CHAPPAQUA, N.Y. -- President Donald Trump's executive order that temporarily bans admission of refugees was met with a strong backlash at a Tuesday night vigil in Chappaqua, which is home to his election opponent, Hillary Clinton.
At the interfaith gathering, which was held at a downtown gazebo and recreational field, multiple speakers denounced the ban, which suspends the admission of refugees for 120 days. Critics, according to media reports, note that Trump's order affects seven Muslim-majority countries and argue, therefore, that it constitutes a de facto ban on Muslims from admission.
“The U.S. refugee resettlement program has been, and should remain, open to those of all nationalities and religions who face persecution," said Rev. Martha Jacobs, a co-chair of the Chappaqua Interfaith Council. "We oppose any policy change that would prevent refugees or individuals who practice Islam and other faiths from accessing these programs.”
Rabbi Jonathan Jaffe, the council's other co-chair, offered similar concerns.
“So many of our ancestors sought a better life here in America, free from persecution," he said. "Yet today we encounter a policy that asks, 'what does this ritual mean to you, to you and not to us?' It thereby denies a foundational principle of our nation: to light the lamp of freedom and liberty for all in search of refuge, regardless of religion, regardless of creed.”
Four teenagers, who spoke on behalf of different religious communities, linked the situations of the refugees to their own family immigration histories.
Marc Stern, who spoke on behalf of a group of Jewish teenagers, noted that his ancestors fled persecution by Nazi Germany in the 1940s, arriving in the United States after a 16-month ordeal that involved a circuitous route through Spain and then Cuba.
“Like probably everyone here today, my ancestors were refugees," Stern said. "With all that is going on in our country today, not accepting refugees makes me think of what would have happened if my family had been turned away. If they had not been allowed into this country and been sent back to Europe, I might not be lucky enough to stand here today.”
Hamza Tahir, a Muslim whose grandparents came to the country from Pakistan, compared their pursuit of the American dream to that of the Puritans who arrived in the 1600s.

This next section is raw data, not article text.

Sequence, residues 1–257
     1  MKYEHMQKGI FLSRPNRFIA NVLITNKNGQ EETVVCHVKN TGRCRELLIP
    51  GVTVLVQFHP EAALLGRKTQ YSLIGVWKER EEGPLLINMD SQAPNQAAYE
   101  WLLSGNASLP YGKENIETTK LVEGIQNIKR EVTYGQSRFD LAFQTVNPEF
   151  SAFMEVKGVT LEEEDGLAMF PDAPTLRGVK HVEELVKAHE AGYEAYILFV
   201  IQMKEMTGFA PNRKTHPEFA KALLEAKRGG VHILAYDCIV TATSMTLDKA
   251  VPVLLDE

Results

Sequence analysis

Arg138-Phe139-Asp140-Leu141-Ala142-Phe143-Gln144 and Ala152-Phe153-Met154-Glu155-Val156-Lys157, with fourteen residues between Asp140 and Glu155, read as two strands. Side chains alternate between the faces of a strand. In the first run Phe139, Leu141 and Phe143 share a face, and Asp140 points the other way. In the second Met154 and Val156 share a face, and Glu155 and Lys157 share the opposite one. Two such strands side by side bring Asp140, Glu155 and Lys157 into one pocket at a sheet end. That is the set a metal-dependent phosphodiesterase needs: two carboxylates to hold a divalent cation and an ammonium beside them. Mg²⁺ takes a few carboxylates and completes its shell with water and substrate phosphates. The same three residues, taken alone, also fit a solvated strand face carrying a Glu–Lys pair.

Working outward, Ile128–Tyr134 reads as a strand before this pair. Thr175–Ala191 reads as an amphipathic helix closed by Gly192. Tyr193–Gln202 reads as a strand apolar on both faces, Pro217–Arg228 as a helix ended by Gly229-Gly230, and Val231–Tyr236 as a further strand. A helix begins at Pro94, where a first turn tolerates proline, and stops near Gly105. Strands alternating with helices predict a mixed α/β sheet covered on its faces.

“The American dream of my grandparents did become a reality, and it also did for generations of immigrants prior to them, all the way back to the age of the Puritans, when the American dream was still in its infancy.”
Tahir added that it is fear that has resulted in people acting discriminatorily towards Muslims.
“This fear is channeled into acts of discrimination, whether it be verbal or in worse cases physical.”
Katie Thorsberg, a white speaker representing the Christian community, traced her American lineage to the colonial era. While Thorsberg noted that she has not personally experienced discrimination, she spoke in solidarity with other groups who have.
“I can understand that people are scared of what they do not know, but until we share each other's experiences we will all continue to be ignorant citizens," she said. "Those of us that are lucky enough to be protected need to stand up for those that are being persecuted.”
Kiran Sheth, who represented the Hindu community, recalled how he immigrated to the United States in 2009, and how his family came from India and England. In his remarks, Sheth passionately argued that people need to come together and learn from each other's experiences.
“It is imperative that we all should be respectful and understanding of one another. It is vital that we share one another's experiences and recognize that we are all united and undivided.”
Demonstrators came with signs; one advocated impeaching Trump while others took his campaign slogan, "Make America Great Again," and fashioned it into a pro-refugee play on words. Several attendees wore labels denoting their ancestors' countries of origin.
More than 200 people showed up to the vigil, Jacobs told Daily Voice, citing the number of candles that were picked up to hold for part of the demonstration.
The event came about due to discussion among the council, Jacobs recalled. The vigil drew also drew support from several local groups, including the New Castle Inclusion and Diversity Committee, the Westchester Refugee Task Force, Up2US and the Pleasantville Clery Association.
Among the speakers was New Castle Town Supervisor Rob Greenstein, who read a November letter from the town board denouncing bigotry.
“We are all immigrants and it's what made our country great," Greenstein told Daily Voice.